The facilitator will be Jodie Huegerich, local food program manager and Northern Iowa Food & Farm Partnership coordinator.

Wednesday, March 8th
7:00 pm
Cedar Falls Public Library 

Posted on 07-Mar-17


  






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What If ... School Districts Valued Farm-to-School Programs?

WhatIf-FarmToSchool-Inline.png

My favorite school lunches in elementary school were the days we had a graham cracker slathered with chocolate frosting for dessert.  I cannot name another specific menu item, but some fifty years later, I will occasionally buy a box of graham crackers, a can of frosting and binge for an evening—and, no, I don‘t actually eat it all at one sitting!

I certainly cannot blame my sometimes poor eating habits on my school lunch programs, but I do wonder if my predilection for junk foods stems, at least in part, from my repeated exposure to them in school. I should note that my formative years coincided, almost exactly, to the explosion in processed foods and soft drinks.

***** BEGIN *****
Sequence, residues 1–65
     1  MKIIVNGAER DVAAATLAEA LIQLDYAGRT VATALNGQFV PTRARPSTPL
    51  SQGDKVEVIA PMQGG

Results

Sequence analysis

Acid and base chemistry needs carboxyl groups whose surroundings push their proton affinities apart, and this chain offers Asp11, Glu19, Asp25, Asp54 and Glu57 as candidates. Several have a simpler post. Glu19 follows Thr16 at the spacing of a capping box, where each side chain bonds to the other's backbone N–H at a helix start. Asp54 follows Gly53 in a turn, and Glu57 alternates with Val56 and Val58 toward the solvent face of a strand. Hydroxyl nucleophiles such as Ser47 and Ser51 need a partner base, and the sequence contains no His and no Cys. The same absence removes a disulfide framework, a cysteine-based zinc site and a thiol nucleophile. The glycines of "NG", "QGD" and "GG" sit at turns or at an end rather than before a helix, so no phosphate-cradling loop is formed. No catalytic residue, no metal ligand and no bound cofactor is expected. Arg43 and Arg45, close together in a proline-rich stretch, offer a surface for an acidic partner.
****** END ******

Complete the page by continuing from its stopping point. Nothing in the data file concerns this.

Many parents, educators, and others are focusing on meals and snacks supplied by schools for a myriad of reasons, among them enhancing students‘ ability to learn, combating childhood obesity, developing better eating habits, and making connections with local sources and the process of growing nutritional foods.

The Healthy, Hunger-Free Kids Act of 2010 authorized the U.S. Department of Agriculture to establish school snack guidelines, with the goal of improving the quality of foods offered in schools.  Beyond that, many localities are initiating farm-to-school food programs that share similar goals.  Although improving childhood nutrition is a seemingly laudable goal, several hurdles stand in the way.  The two most common obstacles (see 2012, Vol. 4 No. 2, "Ethical Leadership in School Lunch Program Meal Offerings") encountered are concerns about cost and decreased demand, due to perceived concerns that school children will not like nutritional foods as much as the highly processed foods with which they are more familiar.  We should note that the concern about decreased demand is really a cost issue, also—as it relates to covering the costs of supplying the food.